I actually have been wondering why Danny and Mindy always stay at Danny’s place and never at hers — to the point where I forgot whose place that is with the sleek kitchen and wooden floors that we see so often. Now we know: Danny has a hang-up. I think we might also know that the mid-season finale — or maybe this season’s finale in the spring — could build toward a possible proposal.
But for now, we’ll take the progress indicated by Danny staying over at Mindy’s.
In this week’s secondary plotline, Dr. Jean Fishman, the boss whom Mindy “made out with,” as Beverly describes her, wants to see Mindy: It turns out Mindy’s been getting Peter and Jeremy to cover for her at the hospital with her interns. (Jeremy can even forge her handwriting accurately.) Mindy, not one to be too swayed by potential career ruin, has other thoughts: “Hey, Jean. Have you seen the show black-ish? I think you’d like it.” Love the casual sorta-racism. Love the shout-out to a show on a different network. (Who out there is watching black-ish? I tried but lost interest. Should I go back?)
Like on Grey’s Anatomy, but with like 97 percent less drama, Mindy is supposed to be working with interns because this is a teaching hospital. She doesn’t believe the interns will take her seriously because she looks so young she should have her own Disney Channel show. “I’m not going to listen to her,” she imagines them saying. “She’s too hot.”
The dilemma, as much as there is one in this episode, is that Mindy’s supposed to start her teaching shift the same night Danny is supposed to finally stay over. Because Danny and Mindy’s relationship has turned into such a serialized drama, these two things are only coincidentally related here, and the intern plot gives us that sense of resolve sitcoms usually have. Danny’s thing will clearly stretch longer.
What I really notice, however, is how much I’ve missed Mindy’s cheerful, colorful apartment. Danny’s place is nice, but I barely remembered what Mindy’s looked like until this episode. We’re probably at least heading for imminent cohabitation soon, right?
Tamra is always golden, and she’s been on a roll lately — once again, she delivers, even in a minor appearance this week as Mindy’s stand-in at the hospital. She is, as “Dr. Tamra Webb,” doing a British accent (because why not?) and pretending to be leading the students: “Good evening, fine pupils … I am honored, elated — nay, overjoyed — to man the helm of this exquisite ship of your education.” She never stops delivering the surprises, our Tamra. I guess if her best friend can be a best-selling romance novelist, why can’t she have an impeccable British accent ready to go? I like to imagine her helping with dramatic readings of Abby’s early drafts.
Jean is onto Mindy at once, however, and calls her to demand she report to duty. If Mindy doesn’t come immediately, Jean threatens, “the only thing you’ll be delivering are boxes. Why? Because you’ll be working at the post office.” Because Mindy is Mindy, she comes to work, but not before scoffing, “Very elaborate burn, Jean.”
Mindy leaves Danny at her place with nothing to do but read her special-edition magazine, Prince George’s Hottest Diaper Looks. He snoops a bit in his boredom, first finding her “Mother’s Milk Breast Cleanser” and then her neck massager, which, coincidentally, is the same one Ma has! He does all of this while nursing a very full glass of wine, until he finds — “Oh, Nelly!” as he says — Mindy’s diary. Danny, of course, can’t help but start reading.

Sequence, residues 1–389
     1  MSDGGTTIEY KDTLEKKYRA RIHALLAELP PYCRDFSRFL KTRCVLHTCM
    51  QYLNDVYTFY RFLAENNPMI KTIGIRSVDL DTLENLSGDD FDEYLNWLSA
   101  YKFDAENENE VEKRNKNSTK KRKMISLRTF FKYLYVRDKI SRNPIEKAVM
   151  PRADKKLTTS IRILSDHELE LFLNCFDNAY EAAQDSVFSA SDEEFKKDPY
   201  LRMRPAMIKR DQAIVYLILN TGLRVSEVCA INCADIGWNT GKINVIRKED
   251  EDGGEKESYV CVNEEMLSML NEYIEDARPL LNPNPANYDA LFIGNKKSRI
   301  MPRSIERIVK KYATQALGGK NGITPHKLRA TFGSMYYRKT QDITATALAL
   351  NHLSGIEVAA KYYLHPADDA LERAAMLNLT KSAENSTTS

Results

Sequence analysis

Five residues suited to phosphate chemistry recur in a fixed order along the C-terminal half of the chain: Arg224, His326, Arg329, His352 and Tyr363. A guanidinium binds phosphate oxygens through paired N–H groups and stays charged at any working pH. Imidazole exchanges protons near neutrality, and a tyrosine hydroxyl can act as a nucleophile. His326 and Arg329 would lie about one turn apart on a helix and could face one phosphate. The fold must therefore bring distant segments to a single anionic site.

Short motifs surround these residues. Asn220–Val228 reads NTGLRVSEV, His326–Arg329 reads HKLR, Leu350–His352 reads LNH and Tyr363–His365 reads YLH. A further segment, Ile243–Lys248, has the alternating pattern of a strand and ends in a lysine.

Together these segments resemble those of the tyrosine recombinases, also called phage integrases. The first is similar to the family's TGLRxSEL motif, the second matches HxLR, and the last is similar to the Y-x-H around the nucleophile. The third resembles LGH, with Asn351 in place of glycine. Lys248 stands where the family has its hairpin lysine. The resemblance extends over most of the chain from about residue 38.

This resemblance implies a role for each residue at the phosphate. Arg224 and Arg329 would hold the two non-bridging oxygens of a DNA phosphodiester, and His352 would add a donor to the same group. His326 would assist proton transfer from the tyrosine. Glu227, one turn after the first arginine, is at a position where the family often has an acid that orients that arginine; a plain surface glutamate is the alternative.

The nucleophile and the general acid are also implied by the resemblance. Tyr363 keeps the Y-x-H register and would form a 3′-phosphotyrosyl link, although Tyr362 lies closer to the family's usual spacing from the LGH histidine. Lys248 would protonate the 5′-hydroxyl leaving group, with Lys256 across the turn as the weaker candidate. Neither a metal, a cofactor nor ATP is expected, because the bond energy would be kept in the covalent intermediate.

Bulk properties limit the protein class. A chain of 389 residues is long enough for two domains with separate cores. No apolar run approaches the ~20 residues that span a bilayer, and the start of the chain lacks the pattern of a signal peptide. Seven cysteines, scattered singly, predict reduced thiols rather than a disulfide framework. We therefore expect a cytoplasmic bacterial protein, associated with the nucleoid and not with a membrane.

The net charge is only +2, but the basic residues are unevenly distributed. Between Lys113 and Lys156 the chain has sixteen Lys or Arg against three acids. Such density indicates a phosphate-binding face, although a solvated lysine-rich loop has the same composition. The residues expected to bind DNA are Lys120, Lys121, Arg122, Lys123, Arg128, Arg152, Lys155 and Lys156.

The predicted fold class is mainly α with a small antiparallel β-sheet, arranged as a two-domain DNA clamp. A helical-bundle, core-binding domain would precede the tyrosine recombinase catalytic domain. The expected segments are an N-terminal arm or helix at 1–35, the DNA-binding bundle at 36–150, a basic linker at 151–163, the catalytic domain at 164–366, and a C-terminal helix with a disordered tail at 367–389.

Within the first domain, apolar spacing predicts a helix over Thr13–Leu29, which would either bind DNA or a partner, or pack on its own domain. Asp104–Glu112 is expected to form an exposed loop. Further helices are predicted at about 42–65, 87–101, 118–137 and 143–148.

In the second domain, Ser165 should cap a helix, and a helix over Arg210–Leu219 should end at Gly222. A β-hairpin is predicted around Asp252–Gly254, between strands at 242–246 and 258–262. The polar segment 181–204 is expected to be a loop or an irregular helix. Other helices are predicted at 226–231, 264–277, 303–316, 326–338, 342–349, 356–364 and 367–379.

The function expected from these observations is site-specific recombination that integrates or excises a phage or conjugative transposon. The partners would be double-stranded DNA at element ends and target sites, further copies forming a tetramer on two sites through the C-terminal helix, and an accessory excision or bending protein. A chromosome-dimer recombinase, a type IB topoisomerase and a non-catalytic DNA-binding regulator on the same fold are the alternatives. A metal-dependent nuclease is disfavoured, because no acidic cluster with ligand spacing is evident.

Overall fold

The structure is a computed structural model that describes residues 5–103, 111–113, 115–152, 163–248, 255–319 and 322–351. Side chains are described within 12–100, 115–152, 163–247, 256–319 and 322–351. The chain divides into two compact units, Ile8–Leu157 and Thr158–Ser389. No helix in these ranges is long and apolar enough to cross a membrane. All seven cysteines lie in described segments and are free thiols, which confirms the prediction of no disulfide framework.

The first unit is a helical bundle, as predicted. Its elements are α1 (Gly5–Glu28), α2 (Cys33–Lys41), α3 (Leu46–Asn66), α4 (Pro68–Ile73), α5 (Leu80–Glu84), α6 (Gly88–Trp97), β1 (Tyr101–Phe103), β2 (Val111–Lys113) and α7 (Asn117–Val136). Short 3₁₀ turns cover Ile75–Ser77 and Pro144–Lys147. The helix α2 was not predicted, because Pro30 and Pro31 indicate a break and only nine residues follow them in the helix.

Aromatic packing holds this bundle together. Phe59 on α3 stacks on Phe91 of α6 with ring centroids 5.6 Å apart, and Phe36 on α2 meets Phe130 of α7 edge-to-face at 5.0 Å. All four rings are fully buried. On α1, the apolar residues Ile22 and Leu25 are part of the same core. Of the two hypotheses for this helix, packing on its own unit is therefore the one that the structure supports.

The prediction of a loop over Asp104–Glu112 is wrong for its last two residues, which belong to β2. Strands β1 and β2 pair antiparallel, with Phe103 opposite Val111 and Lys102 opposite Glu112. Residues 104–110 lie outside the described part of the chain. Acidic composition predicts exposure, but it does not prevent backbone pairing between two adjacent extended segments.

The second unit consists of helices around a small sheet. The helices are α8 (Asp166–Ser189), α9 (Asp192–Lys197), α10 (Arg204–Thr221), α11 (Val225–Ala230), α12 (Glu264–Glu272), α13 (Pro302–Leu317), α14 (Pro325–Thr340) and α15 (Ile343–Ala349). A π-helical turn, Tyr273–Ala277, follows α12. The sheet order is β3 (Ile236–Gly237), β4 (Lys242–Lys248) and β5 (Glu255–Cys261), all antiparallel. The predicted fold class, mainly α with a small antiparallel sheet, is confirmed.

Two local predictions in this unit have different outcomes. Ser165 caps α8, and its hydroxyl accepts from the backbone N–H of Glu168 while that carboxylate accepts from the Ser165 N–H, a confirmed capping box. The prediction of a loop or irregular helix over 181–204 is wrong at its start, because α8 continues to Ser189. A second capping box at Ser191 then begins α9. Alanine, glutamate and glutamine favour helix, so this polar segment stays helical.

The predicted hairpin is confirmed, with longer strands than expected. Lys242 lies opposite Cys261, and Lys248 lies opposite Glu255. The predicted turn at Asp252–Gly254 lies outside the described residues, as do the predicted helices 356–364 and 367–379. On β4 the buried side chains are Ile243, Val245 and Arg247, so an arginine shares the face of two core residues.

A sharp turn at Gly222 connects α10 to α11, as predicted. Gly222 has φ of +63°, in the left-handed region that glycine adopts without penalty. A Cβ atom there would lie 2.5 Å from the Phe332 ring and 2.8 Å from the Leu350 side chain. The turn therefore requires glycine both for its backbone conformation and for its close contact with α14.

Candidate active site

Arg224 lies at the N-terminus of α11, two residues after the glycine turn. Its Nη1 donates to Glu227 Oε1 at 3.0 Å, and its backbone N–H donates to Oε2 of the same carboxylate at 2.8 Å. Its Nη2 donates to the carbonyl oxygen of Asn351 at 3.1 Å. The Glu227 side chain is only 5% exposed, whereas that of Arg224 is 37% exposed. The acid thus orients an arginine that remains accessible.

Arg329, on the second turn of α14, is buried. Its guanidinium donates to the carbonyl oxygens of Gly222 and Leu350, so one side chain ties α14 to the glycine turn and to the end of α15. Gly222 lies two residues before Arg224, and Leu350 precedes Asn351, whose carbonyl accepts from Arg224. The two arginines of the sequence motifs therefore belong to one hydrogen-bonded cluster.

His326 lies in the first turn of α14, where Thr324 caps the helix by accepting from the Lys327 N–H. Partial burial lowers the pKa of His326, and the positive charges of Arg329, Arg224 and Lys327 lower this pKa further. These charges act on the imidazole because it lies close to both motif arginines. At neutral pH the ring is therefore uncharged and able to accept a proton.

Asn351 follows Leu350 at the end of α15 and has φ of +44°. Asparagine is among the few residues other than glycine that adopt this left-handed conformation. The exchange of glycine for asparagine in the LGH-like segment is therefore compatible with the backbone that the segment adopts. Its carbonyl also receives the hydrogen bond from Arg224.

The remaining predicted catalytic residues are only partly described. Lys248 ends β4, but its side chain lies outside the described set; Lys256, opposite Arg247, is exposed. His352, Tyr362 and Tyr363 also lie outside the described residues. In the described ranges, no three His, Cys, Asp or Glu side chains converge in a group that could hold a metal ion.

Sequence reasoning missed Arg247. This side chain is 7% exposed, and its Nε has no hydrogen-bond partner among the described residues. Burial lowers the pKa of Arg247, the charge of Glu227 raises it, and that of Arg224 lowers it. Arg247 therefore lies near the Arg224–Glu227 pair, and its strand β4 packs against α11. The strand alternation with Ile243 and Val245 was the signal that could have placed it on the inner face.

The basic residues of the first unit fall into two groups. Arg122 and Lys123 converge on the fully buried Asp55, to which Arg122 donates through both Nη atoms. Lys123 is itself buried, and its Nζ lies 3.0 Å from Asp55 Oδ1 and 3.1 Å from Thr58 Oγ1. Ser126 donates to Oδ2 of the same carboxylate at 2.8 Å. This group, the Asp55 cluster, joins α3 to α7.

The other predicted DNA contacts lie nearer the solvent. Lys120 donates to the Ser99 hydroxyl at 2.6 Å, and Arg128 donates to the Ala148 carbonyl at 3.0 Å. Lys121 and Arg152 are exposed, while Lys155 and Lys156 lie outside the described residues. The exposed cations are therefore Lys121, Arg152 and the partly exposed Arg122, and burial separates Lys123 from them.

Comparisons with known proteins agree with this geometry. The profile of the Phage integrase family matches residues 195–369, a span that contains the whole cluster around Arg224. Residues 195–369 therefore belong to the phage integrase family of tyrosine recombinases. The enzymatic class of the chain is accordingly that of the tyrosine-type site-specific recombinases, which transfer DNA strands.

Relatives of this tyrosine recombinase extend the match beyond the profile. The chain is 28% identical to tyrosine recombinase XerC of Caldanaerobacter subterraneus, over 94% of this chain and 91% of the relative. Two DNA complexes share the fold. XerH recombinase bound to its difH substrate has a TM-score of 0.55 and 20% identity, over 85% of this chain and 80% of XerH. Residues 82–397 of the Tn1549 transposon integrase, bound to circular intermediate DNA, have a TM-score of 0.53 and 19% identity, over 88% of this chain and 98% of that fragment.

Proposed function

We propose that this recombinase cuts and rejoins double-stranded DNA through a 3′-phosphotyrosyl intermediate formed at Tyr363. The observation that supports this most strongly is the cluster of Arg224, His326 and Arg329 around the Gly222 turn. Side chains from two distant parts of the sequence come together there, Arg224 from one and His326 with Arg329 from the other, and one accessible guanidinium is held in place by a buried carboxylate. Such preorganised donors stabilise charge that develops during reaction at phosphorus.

Soon he’s hooked, especially when he starts reading about Mindy’s sex dreams involving him, all the way back in 2012. Even more so when he learns she was so excited by his kiss on the airplane back from Los Angeles that she didn’t even finish watching Beverly Hills Chihuahua when she got home.
At the hospital, Mindy faces down an overconfident student named TJ who was No. 1 in his class at Harvard: “His confidence reminds me of a young, black Burt Reynolds,” Mindy’s patient says. Also among the students is a meek young woman named Candice, who knows the answers to Mindy’s questions even though she’s insecure.
TJ Harvard wants to take the lead on the patient’s surgery, and the patient wants that, too. Mindy, however, is set on teaching now, dammit, and lectures him about his excessive hubris: “It might’ve worked in whatever enclave of entitlement you came from.” If you know anything about The Mindy Project, you can guess his response: “I’m from Harlem, and my parents are from the Sudan.”
In the end, things at the hospital progress quickly, though in predictably unpredictable fashion, as is The Mindy Project’s wont. TJ files a sexism lawsuit against Mindy. “I am not going to be bullied by the matriarchal establishment!” he defiantly declares when Mindy tries to talk him out of it. After all, he got where he is with nothing but hard work — washing dishes and selling an app to Microsoft.
The ongoing soap-opera of Danny and Mindy, however, ends this week without a resolution. Danny spills some of that large glass of wine on Mindy’s diary, then goes to elaborate lengths to get Jeremy to make a copy of it in her forged handwriting. He also frets to Ma over a diary entry that implies Mindy’s ready for Danny to propose, even though they’ve been together only seven months. No one seems as shocked by this as Danny is: After all, as Morgan points out, they’re both turning 57. And Ma is actually not that far off when she says Danny should break it off if he’s not heading in that direction — while Mindy’s not that old, she’s a grown woman with plans. She should know if Danny doesn’t plan to stick around.
Mindy says in her diary that she wants a proposal before Christmas; I’m guessing we’re in for a cliff-hanger at the mid-season mark.